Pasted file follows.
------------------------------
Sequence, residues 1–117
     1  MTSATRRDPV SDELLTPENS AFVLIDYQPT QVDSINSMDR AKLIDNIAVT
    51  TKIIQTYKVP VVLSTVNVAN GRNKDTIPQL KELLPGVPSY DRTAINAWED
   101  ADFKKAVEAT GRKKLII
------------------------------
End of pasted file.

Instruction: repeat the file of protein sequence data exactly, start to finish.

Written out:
Sequence, residues 1–117
     1  MTSATRRDPV SDELLTPENS AFVLIDYQPT QVDSINSMDR AKLIDNIAVT
    51  TKIIQTYKVP VVLSTVNVAN GRNKDTIPQL KELLPGVPSY DRTAINAWED
   101  ADFKKAVEAT GRKKLII